In this section of our Colossus Movie Guide for The Batman, we will explain the film’s ending.
- Robert Pattinson – Bruce Wayne / Batman
- Zoë Kravitz – Selina Kyle / Catwoman
- Paul Dano – Edward Nashton / Riddler
- Jeffrey Wright – James Gordon
- John Turturro – Carmine Falcone
- Peter Sarsgaard – Gil Colson
- Andy Serkis – Alfred Pennyworth
- Colin Farrell – Oswald “Oz” Cobblepot / Penguin
- Jayme Lawson – Bella Reál
- Peter Craig – Writer
- Matt Reeves – Writer and director
The end of The Batman explained
At the end of The Batman, Bruce leads survivors through a flooded building and back out into the streets. With much of the roads underwater and a rebuild process underway, Bruce reads this diary entry as we watch him help people find comfort in the mess:
Wednesday, November 6th. The city is underwater. The national Guard is coming. Martial law is in effect, but the criminal element never sleeps. Looting and lawlessness will be rampant in the parts of the city no one can get to. I can already see that things will get worse before they get better. And some will seize the chance to grab everything they can. I’m starting to see now: I have had an effect here…but not the one I intended. Vengeance won’t change the past—mine or anyone else’s. I have to become more. People need hope. To know someone’s out there for them. The city’s angry, scarred—like me. Our scars can destroy us. Even after the physical wounds have healed. But if we survive them, they can transform us. They can give us the power to endure…and the strength to fight.”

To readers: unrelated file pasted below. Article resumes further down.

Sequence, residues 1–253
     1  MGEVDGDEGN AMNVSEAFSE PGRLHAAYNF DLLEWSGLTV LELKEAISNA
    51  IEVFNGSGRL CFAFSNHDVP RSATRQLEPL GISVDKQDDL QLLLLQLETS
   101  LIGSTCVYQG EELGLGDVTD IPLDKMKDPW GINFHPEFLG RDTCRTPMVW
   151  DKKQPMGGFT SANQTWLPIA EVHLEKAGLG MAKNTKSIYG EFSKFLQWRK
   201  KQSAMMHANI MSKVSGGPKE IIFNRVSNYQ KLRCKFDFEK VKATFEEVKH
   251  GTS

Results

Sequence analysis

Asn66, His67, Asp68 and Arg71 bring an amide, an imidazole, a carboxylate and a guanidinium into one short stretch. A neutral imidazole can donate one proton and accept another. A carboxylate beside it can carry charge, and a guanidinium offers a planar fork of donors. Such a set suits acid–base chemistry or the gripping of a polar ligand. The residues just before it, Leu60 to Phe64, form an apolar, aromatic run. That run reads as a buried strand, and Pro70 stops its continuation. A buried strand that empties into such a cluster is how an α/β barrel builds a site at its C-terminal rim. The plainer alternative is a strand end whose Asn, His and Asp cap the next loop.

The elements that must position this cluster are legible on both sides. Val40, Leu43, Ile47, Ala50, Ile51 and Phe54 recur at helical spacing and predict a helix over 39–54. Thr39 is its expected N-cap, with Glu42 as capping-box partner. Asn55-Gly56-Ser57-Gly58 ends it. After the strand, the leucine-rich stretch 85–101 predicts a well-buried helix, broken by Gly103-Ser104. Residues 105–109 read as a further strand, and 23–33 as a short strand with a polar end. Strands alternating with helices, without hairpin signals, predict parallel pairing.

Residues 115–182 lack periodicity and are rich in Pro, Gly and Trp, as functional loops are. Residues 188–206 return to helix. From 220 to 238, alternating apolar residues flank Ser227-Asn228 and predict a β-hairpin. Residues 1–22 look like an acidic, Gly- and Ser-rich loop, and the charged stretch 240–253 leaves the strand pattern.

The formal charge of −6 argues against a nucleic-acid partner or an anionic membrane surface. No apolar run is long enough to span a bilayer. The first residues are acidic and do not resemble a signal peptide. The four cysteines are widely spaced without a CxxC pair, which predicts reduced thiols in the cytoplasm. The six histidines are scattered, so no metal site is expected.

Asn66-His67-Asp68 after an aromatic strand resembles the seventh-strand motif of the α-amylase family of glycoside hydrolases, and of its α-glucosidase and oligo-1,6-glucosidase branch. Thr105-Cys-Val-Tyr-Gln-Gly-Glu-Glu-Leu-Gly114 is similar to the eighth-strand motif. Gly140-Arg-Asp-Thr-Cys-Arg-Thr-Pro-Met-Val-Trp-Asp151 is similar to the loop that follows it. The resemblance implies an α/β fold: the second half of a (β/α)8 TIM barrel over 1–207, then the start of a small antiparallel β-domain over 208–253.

During that monologue, Bella Reál gives this speech to a crowd: “We will rebuild. But not just our city. We must rebuild people’s faith in our institutions, in our elected officials, in each other. Together, we will learn to believe in Gotham again.”
We then cut to Riddler in jail. He moans and cries, tortured by his foiled plan. Then from another cell, we hear another man speaking to Riddler—a man we’ll soon learn is The Joker. He says: “Isn’t that just terrible. Him…raining on your parade like that? What is it they say? One day you’re on top…the next, you’re a clown. Well…let me tell you, there are worse things to be. Hey, hey, hey. Don’t be sad. You did so well. And you know, Gotham loves a comeback story.”
“Who are you?” Riddler asks.
“Well, that’s the question, isn’t it? Riddle me this: the less of them you have, the more one is worth.”
“A friend,” Riddler answers. They both starting laughing maniacally.
We then cut to Selina and Bruce standing on a ledge next to their motorcycles. Selina asks Bruce to run away with her. “You know this place is never going to change,” she says to Bruce. “With Carmine gone, it’s only going to get worse for you. There’s going to be a power grab. It’ll be bloody.”
“I know,” responds Bruce. “But the city can change.”
“I have to try.”
“It’s going to kill you eventually. You know that.” Selina then steps towards Batman and says, “Listen. Why don’t you come with me. Get into some trouble. Knock off some CEO hedge fund types. It’ll be fun. The cat and the bat. It’s got a nice ring.”